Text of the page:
New­som needed to mind mes­sage in time of cri­sis

Times Standard (Eureka) - - OPINION -

Dur­ing his first cou­ple weeks of manag­ing Cal­i­for­nia’s COVID-19 cri­sis, Gov. Gavin New­som’s words and ac­tions were im­pres­sively cool­headed and mea­sured.

Last week, how­ever, he veered off the rails, need­lessly caus­ing alarm and con­fu­sion as Cal­i­for­ni­ans were ad­just­ing to the great­est pub­lic health threat in more than a cen­tury. He, like Pres­i­dent Don­ald Trump, failed to grasp that the hy­per­bolic rhetoric of a po­lit­i­cal cam­paign is not tol­er­a­ble in cri­sis man­age­ment.

New­som’s most spec­tac­u­lar mis­step was, in a let­ter to Trump ask­ing for use of a Navy hospi­tal ship, flatly declar­ing, “We project that roughly 56% of our pop­u­la­tion — 25.5 mil­lion peo­ple — will be in­fected with the virus over an eight week pe­riod.”

Im­me­di­ately, news out­lets in Cal­i­for­nia and around the world am­pli­fied that huge num­ber, and it scared the be­je­sus out of any­one who heard it. Buf­feted by de­mands for an ex­pla­na­tion, New­som’s spokesper­sons ac­knowl­edged that the num­ber was a raw es­ti­mate un­ad­justed for ef­forts to slow the spread of in­fec­tion — a vi­tal con­text that the let­ter did not con­tain.

Very quickly, New­som him­self ap­peared be­fore cam­eras to an­nounce a statewide or­der that Cal­i­for­ni­ans “shel­ter in place” and add the caveats that his let­ter sorely lacked.

“The num­bers we put out to­day as­sume we’re just along for the ride, we’re not,” he said. “We want to ma­nip­u­late this num­ber down, that’s what this or­der is all about.”

How­ever, he si­mul­ta­ne­ously im­plied a jus­ti­fi­ca­tion for his let­ter to Trump. “If we’re to be crit­i­cized at this mo­ment, let us be crit­i­cized for tak­ing this mo­ment se­ri­ously,” he said. “Let us be crit­i­cized for go­ing full force and meet­ing the virus head-on.”

New­som’s sec­ond stum­ble in­volved the stay-at-home or­der it­self. It’s a rather tech­ni­cal doc­u­ment, but New­som’s ver­bal ex­pla­na­tion of its pro­vi­sions didn’t al­ways com­port with what the doc­u­ment said. More­over, its list of ex­empted “es­sen­tial” ac­tiv­i­ties was lifted from a fed­eral doc­u­ment per­tain­ing to war, rather than be­ing tai­lored to Cal­i­for­nia and this cri­sis.

It left Cal­i­for­ni­ans con­fused about what they could and could not do, busi­ness own­ers con­fused about whether they should op­er­ate or must shut down and lay off their work­ers, and lo­cal gov­ern­ments un­cer­tain whether their own or­ders were su­per­seded by New­som’s dec­la­ra­tion.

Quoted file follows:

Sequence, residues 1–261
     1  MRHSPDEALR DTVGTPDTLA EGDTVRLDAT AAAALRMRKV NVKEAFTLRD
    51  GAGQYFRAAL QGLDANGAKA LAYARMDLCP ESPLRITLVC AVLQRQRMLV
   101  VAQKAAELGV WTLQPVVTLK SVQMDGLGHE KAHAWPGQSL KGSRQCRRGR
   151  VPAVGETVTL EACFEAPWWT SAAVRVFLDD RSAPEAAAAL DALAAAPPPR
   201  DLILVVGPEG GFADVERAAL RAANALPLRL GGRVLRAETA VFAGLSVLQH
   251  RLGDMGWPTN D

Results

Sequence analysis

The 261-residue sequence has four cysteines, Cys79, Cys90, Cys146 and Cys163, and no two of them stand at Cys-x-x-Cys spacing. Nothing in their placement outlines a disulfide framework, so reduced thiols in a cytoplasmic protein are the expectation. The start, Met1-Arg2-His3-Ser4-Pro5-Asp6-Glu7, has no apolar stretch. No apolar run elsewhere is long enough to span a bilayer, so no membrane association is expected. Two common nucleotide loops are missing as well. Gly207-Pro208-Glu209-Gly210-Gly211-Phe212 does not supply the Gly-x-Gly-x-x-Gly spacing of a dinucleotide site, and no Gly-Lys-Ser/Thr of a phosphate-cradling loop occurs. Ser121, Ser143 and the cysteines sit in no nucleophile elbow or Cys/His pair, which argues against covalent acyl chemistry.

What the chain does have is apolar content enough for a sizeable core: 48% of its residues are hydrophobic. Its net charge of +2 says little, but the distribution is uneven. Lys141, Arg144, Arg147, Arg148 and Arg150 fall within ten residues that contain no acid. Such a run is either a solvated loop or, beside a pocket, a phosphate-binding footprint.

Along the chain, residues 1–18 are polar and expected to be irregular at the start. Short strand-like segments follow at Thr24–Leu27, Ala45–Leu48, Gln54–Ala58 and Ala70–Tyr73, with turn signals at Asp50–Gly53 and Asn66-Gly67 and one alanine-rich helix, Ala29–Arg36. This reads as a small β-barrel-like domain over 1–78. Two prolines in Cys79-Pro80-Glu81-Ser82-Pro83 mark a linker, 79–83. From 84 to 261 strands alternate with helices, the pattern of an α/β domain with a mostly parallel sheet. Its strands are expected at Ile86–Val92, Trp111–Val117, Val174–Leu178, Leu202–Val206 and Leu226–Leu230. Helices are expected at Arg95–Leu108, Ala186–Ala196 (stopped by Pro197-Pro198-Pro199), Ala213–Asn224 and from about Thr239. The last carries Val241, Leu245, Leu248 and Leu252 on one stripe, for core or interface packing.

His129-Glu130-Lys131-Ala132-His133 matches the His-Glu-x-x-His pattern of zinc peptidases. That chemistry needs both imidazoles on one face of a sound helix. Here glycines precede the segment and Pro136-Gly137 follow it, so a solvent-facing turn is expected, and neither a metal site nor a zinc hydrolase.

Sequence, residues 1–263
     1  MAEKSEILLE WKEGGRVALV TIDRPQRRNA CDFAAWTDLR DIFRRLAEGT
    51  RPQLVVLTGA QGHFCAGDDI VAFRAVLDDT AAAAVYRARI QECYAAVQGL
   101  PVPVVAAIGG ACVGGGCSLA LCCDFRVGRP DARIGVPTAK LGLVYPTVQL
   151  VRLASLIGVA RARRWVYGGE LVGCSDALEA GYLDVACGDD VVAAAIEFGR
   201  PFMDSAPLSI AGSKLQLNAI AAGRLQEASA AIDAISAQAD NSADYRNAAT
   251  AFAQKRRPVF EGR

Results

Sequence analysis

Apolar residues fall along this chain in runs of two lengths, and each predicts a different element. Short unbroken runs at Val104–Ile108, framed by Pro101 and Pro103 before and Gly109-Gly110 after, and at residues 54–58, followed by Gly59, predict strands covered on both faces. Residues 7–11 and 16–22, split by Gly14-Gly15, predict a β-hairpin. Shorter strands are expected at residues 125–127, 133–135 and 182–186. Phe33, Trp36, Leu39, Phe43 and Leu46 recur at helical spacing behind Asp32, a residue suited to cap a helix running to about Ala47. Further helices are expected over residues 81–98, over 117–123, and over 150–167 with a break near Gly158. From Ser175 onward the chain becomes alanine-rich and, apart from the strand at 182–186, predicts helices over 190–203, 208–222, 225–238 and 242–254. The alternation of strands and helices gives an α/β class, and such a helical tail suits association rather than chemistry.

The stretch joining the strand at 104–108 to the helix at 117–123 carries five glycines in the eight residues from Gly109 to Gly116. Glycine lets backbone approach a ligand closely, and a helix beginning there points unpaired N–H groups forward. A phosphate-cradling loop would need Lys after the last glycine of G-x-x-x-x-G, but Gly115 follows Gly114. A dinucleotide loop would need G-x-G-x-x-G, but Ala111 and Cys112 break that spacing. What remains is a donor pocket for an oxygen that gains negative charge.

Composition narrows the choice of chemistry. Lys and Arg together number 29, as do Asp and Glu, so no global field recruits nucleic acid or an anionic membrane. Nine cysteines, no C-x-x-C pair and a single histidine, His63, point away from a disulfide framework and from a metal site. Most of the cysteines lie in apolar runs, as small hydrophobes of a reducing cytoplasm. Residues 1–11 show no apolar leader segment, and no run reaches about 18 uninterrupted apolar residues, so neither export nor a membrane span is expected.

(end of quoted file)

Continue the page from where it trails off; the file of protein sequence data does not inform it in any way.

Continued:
Fi­nally, there’s the is­sue of mar­tial law — or not.

Early in the week, while an­nounc­ing that he might use Na­tional Guard sol­diers to bat­tle the spread of coro­n­avirus, New­som was asked about im­pos­ing mar­tial law to en­force abate­ment or­ders.

New­som replied that mar­tial law could be used “if we feel the ne­ces­sity,” adding, “I don’t want to get to the point of be­ing alarmist, but we are scal­ing all of our con­sid­er­a­tions.”

A few days later, when he did ac­ti­vate the Guard, so­cial me­dia lit up with spec­u­la­tion that the gov­er­nor was about to de­clare mar­tial law, com­pelling ad­min­is­tra­tion of­fi­cials to is­sue de­nials.

“We don’t want this to be scary for peo­ple,” Brian Fer­gu­son, spokesman for the Gov­er­nor’s Of­fice of Emer­gency Ser­vices, said. “This is a hu­man­i­tar­ian mis­sion to sup­port health and safety.”

Each of these sit­u­a­tions could have been avoided had New­som cho­sen his words more care­fully. He should not have is­sued his 56% in­fec­tion rate pro­jec­tion with­out the con­text he later pro­vided, his ad­min­is­tra­tion should have been more spe­cific about what the stay-at-home or­der meant, and he should not have even cited mar­tial law as a con­tin­gency un­less he in­tended to use it.

The virus it­self scares and con­fuses peo­ple. The gov­er­nor’s job is to re­as­sure his con­stituents and per­suade them, with pre­ci­sion, to do what’s nec­es­sary with­out adding to the fear and anx­i­ety.

Dan Wal­ters has been a jour­nal­ist for over half a cen­tury, spend­ing all but a few of those years work­ing for Cal­i­for­nia news­pa­pers start­ing in 1960, at age 16, at the Humboldt Times in Eureka, while still at­tend­ing high school. He can be reached at dan@calmat­ters. org.

Each of these sit­u­a­tions could have been avoided had New­som cho­sen his words more care­fully.

Dan Wal­ters

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